By Michael Coker/Black College Nines
Jesse Baker considered by many Major League scouts as the best college baseball catcher in the country. Baker, Edward Water College first baseball All-American was not drafted by any of the MLBs 32 teams during this past 2015 June amateur draft.
Baker put up massive offensive numbers, helped lead the Tigers to their second best season in schools history with a 34-22 overall, 13-2 conference record and the Gulf Coast Athletic Conference (GCAC) regular season champions.
Voted as the GCAC Player of The Year, Defensive Player of the Year also named First Team All-America as announced by The National Association of Intercollegiate Athletics (NAIA) and selected by the NAIA-Baseball Coaches Association All-America Committee.
Baker an outstanding baseball player has all of the qualities and makeup of a pure hitter.
He was in seven of ten top statistical categories during the season, including slugging percentage (.810), total hits (75), runs batted in (75), home runs (17), and total bases (145). Finished second in batting average (.431), fourth in doubles (13), and eighth in runs scored (36). He ranked tops in the NAIA offensive categories.
Baker also performed well in the class room. He was named 2015 Daktronics-NAIA Scholar-Athlete list with a 3.7 overall grade point average graduating with a Bachelor of Science degree in Biology this past May.
Baker, from Sebring, Fla., was widely regarded as a complete player. He has power to all fields, and a good arm as a catcher where he threw out 25 of 54 would be base stealers.
According to one scout I spoke to attending a Tiger baseball doubleheader game this past March 28 against Northwood University in West Palm Beach, FL. He was supposed to be a can’t miss prospect, the kind of athlete who Major League Baseball teams would happily sign.
“Baker has two things going for him,” said a major league scout who asked not to be identified because he did not want to speak publicly about a prospect. “He has good power, and he has good arm strength.”
Baker was rated as the nation’s top catcher over all prospects in the Class of 2015, an honor which all but ensured that he would be picked in the draft. That status was backed up by other analysts who graded him.
The Washington Nationals, Toronto Blue Jays, Philadelphia Phillies, San Francisco Giants and St. Louis Cardinals organizations had interest.
Yet somehow Baker went completely undrafted.
This raises interesting questions about MLB draft analysis services or, perhaps more likely, the new negotiation processes following the most recent collective bargaining agreement. If teams felt that Baker was definitely signable, neither of those factors alone might have been enough to discourage them from selecting him.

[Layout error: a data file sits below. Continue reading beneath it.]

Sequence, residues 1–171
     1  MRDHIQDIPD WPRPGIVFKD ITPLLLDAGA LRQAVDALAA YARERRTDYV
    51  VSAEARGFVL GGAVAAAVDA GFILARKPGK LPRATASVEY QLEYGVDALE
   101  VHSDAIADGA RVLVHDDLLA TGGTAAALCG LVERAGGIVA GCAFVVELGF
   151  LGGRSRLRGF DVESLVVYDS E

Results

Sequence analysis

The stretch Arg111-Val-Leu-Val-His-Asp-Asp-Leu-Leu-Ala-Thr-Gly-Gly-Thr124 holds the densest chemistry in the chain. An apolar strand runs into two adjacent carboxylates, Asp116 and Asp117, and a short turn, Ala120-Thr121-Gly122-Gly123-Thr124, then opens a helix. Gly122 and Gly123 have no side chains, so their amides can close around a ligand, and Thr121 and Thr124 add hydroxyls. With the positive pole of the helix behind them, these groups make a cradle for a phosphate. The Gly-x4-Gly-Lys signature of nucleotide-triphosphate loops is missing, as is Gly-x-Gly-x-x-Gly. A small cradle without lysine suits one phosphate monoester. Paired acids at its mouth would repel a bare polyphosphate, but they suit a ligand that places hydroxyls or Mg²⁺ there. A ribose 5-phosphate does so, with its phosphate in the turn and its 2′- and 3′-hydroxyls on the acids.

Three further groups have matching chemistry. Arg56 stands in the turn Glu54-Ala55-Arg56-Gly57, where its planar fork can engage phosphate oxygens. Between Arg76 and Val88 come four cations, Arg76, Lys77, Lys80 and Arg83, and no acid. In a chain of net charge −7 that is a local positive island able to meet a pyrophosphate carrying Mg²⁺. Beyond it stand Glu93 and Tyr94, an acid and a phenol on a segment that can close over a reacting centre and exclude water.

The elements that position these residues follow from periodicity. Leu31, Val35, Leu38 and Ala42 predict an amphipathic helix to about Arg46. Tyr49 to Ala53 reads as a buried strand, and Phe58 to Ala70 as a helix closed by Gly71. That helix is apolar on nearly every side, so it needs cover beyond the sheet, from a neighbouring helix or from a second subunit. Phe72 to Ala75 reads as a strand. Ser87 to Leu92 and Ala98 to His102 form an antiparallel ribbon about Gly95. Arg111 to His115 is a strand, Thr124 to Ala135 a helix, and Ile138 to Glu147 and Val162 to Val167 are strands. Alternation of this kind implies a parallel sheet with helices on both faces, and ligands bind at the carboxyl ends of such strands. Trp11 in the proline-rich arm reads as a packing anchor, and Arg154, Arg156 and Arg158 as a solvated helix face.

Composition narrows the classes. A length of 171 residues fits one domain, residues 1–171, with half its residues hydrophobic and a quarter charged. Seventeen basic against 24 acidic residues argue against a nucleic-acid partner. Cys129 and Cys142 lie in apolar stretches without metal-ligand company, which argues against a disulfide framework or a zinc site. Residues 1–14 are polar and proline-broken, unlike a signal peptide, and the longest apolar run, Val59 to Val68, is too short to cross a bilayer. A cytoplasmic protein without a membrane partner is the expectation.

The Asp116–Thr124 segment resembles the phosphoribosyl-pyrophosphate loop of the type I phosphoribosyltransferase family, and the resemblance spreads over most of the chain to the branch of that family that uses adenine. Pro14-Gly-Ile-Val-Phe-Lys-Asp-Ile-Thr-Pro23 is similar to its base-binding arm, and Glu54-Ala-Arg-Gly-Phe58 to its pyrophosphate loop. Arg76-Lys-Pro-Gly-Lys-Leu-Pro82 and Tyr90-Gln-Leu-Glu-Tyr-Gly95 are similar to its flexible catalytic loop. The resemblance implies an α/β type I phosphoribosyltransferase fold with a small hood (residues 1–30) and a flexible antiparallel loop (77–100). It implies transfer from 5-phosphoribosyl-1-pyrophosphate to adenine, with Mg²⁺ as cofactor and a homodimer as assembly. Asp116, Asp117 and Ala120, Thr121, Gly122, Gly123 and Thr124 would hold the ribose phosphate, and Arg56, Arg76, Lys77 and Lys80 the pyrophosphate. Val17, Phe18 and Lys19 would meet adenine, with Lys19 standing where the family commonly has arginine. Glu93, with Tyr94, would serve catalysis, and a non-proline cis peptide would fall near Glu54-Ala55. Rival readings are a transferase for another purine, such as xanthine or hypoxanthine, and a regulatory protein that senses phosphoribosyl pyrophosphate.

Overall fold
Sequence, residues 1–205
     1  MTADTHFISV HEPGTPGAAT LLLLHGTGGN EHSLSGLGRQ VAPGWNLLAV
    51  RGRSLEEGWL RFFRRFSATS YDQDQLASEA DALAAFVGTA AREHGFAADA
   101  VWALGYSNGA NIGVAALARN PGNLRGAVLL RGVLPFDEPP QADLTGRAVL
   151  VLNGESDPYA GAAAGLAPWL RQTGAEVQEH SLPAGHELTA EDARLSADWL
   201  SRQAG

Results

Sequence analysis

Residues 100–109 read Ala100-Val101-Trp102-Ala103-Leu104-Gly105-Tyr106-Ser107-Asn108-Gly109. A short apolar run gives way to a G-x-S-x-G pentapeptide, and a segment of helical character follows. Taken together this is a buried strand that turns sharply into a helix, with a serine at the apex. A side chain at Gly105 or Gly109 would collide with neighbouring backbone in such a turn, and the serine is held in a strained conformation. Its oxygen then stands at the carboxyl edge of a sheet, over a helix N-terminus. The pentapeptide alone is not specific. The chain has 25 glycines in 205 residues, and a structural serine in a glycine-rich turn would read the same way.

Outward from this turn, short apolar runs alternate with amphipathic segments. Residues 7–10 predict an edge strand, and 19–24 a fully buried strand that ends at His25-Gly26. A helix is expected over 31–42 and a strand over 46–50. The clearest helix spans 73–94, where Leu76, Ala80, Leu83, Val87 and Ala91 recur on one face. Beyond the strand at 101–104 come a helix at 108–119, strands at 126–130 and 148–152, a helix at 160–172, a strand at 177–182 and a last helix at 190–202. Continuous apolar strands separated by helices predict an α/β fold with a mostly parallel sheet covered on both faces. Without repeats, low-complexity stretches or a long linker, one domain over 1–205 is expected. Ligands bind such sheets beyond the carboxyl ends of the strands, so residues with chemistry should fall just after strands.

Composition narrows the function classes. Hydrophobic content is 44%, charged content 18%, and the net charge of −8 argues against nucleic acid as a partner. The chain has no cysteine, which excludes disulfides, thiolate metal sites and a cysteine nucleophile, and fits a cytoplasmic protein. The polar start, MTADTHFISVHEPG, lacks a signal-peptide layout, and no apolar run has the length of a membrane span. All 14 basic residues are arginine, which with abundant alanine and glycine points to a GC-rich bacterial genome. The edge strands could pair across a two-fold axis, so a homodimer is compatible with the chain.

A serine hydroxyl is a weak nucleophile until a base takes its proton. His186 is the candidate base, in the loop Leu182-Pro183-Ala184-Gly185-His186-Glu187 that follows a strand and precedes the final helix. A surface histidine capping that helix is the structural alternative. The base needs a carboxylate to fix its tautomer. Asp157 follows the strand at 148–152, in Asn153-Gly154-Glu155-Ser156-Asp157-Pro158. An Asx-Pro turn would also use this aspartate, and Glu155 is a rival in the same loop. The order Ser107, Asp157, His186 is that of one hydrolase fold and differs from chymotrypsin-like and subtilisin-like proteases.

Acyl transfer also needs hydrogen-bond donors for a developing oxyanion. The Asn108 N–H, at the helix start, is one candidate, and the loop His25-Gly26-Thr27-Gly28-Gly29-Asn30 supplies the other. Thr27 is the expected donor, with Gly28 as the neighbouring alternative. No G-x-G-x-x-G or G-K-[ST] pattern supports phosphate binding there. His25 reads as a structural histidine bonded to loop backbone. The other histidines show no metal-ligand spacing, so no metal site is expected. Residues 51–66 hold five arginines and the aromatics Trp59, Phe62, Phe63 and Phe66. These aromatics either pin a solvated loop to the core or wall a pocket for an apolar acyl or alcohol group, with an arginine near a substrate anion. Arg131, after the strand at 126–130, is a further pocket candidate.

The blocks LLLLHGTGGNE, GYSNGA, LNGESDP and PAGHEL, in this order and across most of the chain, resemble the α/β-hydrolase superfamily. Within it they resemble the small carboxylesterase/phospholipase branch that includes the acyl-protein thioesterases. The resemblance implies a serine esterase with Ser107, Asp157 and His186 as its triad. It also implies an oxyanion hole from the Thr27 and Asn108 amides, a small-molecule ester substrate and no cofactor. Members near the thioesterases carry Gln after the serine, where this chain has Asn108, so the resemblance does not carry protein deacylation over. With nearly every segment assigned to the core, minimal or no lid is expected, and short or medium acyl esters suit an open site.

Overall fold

There may not be a clear answer to precisely what went wrong during the three days of the draft, though Baker was clearly surprised by the lack of major-league interest in him. He stated before the draft to his teammates “I’ll go for an airplane ticket and a bag of chips.”
I’m sure that EWC Head Coach Reginald Johnson III was shocked. If Baker was drafted, this was a program changer putting the Tigers in the national spotlight as far as recruitment.
Baker would have been the third baseball player drafted from Edward Waters College. Kenny Williams drafted Major League Baseball 1985-signed by Detroit Tigers and Charles Thomas drafted by the Chicago Cubs in the 10th round 2009 MLB June Amateur Draft.
There are forty rounds for teams to include HBCU players. This past draft 10 players from HBCU programs were selected, in 2014 eight, none from the NAIAs.
The low number of players from HBCUs who were not drafted may include a lack of national exposure. Major League Baseball trends continue for Division I only leaving out the talent of Division II, Division III and NAIA programs, and low regard by scouts at the lower divisions.
Another reason may be that MLB prefer DI powerhouses to actively sign predominantly big school baseball players.
The real story is how MLB and Division I HBCU baseball conferences have partnered to boost joint interest in black colleges and pro baseball. HBCUs have been featured in the MLB Urban Youth Academy and RBI program, a program created by MLB to study and support baseball to inner city youth, for DI schools only in my opinion.
MLB looks to HBCUs DI first to help raise its profile. Talent in HBCU baseball also lies at the DII, DIII, and the NAIA levels if MLB really want more HBCUs in its workforce.